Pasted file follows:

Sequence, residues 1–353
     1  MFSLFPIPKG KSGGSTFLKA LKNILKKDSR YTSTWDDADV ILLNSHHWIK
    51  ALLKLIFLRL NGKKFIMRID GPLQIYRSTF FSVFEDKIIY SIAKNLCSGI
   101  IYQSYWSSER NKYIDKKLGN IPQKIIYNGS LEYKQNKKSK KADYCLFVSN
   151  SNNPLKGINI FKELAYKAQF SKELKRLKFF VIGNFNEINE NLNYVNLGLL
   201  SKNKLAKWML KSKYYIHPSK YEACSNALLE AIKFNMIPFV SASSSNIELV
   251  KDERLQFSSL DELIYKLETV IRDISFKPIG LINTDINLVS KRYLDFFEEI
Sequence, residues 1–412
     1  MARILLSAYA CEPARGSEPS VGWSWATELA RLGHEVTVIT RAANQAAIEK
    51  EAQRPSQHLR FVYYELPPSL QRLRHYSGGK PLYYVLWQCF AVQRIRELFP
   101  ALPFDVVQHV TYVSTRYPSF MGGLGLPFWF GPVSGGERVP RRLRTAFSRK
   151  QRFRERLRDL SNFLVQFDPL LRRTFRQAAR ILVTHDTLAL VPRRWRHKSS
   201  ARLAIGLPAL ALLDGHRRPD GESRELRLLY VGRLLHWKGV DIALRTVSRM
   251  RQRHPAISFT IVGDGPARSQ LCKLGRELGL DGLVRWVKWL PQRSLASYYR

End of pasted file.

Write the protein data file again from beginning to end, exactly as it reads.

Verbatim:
Sequence, residues 1–353
     1  MFSLFPIPKG KSGGSTFLKA LKNILKKDSR YTSTWDDADV ILLNSHHWIK
    51  ALLKLIFLRL NGKKFIMRID GPLQIYRSTF FSVFEDKIIY SIAKNLCSGI
   101  IYQSYWSSER NKYIDKKLGN IPQKIIYNGS LEYKQNKKSK KADYCLFVSN
   151  SNNPLKGINI FKELAYKAQF SKELKRLKFF VIGNFNEINE NLNYVNLGLL
   201  SKNKLAKWML KSKYYIHPSK YEACSNALLE AIKFNMIPFV SASSSNIELV
   251  KDERLQFSSL DELIYKLETV IRDISFKPIG LINTDINLVS KRYLDFFEEI
Sequence, residues 1–412
     1  MARILLSAYA CEPARGSEPS VGWSWATELA RLGHEVTVIT RAANQAAIEK
    51  EAQRPSQHLR FVYYELPPSL QRLRHYSGGK PLYYVLWQCF AVQRIRELFP
   101  ALPFDVVQHV TYVSTRYPSF MGGLGLPFWF GPVSGGERVP RRLRTAFSRK
   151  QRFRERLRDL SNFLVQFDPL LRRTFRQAAR ILVTHDTLAL VPRRWRHKSS
   201  ARLAIGLPAL ALLDGHRRPD GESRELRLLY VGRLLHWKGV DIALRTVSRM
   251  RQRHPAISFT IVGDGPARSQ LCKLGRELGL DGLVRWVKWL PQRSLASYYR